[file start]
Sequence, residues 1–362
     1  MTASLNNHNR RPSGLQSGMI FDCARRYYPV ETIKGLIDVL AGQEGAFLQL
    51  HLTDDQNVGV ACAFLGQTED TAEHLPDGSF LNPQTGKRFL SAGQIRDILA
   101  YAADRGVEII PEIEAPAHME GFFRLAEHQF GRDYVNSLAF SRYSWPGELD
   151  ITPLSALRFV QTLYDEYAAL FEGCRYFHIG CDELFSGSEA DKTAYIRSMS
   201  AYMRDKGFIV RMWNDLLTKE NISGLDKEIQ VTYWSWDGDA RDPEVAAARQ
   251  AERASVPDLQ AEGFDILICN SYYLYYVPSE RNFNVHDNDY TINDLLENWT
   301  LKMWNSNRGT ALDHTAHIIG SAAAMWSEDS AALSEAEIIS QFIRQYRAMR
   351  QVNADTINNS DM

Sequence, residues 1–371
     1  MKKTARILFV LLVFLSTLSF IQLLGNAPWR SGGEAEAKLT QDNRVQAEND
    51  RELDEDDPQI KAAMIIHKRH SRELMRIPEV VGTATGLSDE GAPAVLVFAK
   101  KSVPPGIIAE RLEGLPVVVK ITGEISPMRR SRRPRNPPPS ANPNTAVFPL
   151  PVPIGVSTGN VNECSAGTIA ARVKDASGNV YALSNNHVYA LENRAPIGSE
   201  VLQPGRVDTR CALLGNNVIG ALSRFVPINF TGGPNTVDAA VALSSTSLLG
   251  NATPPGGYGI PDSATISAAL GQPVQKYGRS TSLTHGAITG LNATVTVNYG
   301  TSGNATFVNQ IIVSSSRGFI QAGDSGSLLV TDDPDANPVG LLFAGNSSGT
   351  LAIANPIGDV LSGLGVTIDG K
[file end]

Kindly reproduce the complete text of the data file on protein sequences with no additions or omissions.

Sequence, residues 1–362
     1  MTASLNNHNR RPSGLQSGMI FDCARRYYPV ETIKGLIDVL AGQEGAFLQL
    51  HLTDDQNVGV ACAFLGQTED TAEHLPDGSF LNPQTGKRFL SAGQIRDILA
   101  YAADRGVEII PEIEAPAHME GFFRLAEHQF GRDYVNSLAF SRYSWPGELD
   151  ITPLSALRFV QTLYDEYAAL FEGCRYFHIG CDELFSGSEA DKTAYIRSMS
   201  AYMRDKGFIV RMWNDLLTKE NISGLDKEIQ VTYWSWDGDA RDPEVAAARQ
   251  AERASVPDLQ AEGFDILICN SYYLYYVPSE RNFNVHDNDY TINDLLENWT
   301  LKMWNSNRGT ALDHTAHIIG SAAAMWSEDS AALSEAEIIS QFIRQYRAMR
   351  QVNADTINNS DM

Sequence, residues 1–371
     1  MKKTARILFV LLVFLSTLSF IQLLGNAPWR SGGEAEAKLT QDNRVQAEND
    51  RELDEDDPQI KAAMIIHKRH SRELMRIPEV VGTATGLSDE GAPAVLVFAK
   101  KSVPPGIIAE RLEGLPVVVK ITGEISPMRR SRRPRNPPPS ANPNTAVFPL
   151  PVPIGVSTGN VNECSAGTIA ARVKDASGNV YALSNNHVYA LENRAPIGSE
   201  VLQPGRVDTR CALLGNNVIG ALSRFVPINF TGGPNTVDAA VALSSTSLLG
   251  NATPPGGYGI PDSATISAAL GQPVQKYGRS TSLTHGAITG LNATVTVNYG
   301  TSGNATFVNQ IIVSSSRGFI QAGDSGSLLV TDDPDANPVG LLFAGNSSGT
   351  LAIANPIGDV LSGLGVTIDG K